Emergence of Earth Day

In the early 1960s, Americans were becoming more aware of the effects of pollution on the environment after Author Rachel Carson published "Silent Spring," a 1962 bestseller that brought attention to the dangerous effects of pesticides. In 1969, a fire on Cleveland's Cuyahoga River shed light on the problem of chemical waste disposal.

Inspired by the anti-Vietnam teach-ins[1] in the 1960s, Wisconsin Democrat Sen. Gaylord Nelson established Earth Day to "shake up the political establishment and force this issue onto the national agenda." Nelson hoped to bring environmental causes into the spotlight by reaching university campuses between spring break and final exams. The first Earth Day held on April 22, 1970 therefore gave a voice to an emerging consciousness about the state of our planet and her environmental distress.

In 1990, a group of motivated environmental leaders approached Denis Hayes, a young activist whom helped pioneer the first Earth Day in 1970, prepared to organize another major campaign. This time, Earth Day went global, mobilizing 200 million people in over 100 countries and highlighting environmental issues like never before. This provided a boost to worldwide recycling efforts and paved the way for the 1992 United Nations Earth Summit in Rio de Janeiro. It was also in 1990 that President Bill Clinton awarded the Presidential Medal of Freedom to Sen. Nelson for his role as Earth Day founder.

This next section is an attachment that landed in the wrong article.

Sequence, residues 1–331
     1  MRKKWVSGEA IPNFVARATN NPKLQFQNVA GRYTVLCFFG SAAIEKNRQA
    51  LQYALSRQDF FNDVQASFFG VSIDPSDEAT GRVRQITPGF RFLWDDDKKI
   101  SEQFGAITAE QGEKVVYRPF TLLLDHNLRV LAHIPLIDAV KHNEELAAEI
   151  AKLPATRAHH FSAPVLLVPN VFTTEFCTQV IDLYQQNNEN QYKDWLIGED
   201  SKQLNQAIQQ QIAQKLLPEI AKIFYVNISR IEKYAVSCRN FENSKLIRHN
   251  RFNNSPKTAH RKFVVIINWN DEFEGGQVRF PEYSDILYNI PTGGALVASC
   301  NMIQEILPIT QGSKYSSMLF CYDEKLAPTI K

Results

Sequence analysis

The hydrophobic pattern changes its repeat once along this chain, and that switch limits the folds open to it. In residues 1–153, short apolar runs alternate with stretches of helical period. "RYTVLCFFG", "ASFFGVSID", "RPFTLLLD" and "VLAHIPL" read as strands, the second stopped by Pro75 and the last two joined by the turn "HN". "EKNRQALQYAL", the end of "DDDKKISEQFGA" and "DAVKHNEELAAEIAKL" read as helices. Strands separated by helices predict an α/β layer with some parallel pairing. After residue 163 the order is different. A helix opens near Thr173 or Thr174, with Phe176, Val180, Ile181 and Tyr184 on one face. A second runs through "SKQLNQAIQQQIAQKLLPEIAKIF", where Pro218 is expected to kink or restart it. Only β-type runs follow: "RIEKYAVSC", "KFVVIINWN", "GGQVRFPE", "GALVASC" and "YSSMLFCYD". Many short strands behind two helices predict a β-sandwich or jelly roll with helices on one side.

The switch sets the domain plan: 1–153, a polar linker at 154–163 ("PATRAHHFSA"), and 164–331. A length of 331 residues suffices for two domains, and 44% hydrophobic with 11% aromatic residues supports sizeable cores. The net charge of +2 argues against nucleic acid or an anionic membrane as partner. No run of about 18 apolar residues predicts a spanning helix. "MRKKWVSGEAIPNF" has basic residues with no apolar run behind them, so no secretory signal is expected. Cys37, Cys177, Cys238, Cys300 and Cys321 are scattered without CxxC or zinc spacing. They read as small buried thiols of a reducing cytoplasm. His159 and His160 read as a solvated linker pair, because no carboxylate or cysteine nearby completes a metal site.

Have you thought about what actions you will take this Earth Day to protect our planet? One great, easy way you can help is by dropping your used clothing and shoes in one of our yellow bins or ship them directly to us through Give Back Box.

[1] A teach-in is similar to a general educational forum on any issue, usually one involving current political affairs. The main difference between a teach-in and a seminar is the refusal to limit the discussion to a specific timeframe or academic scope. Teach-ins are meant to be practical, interactive, and oriented toward action.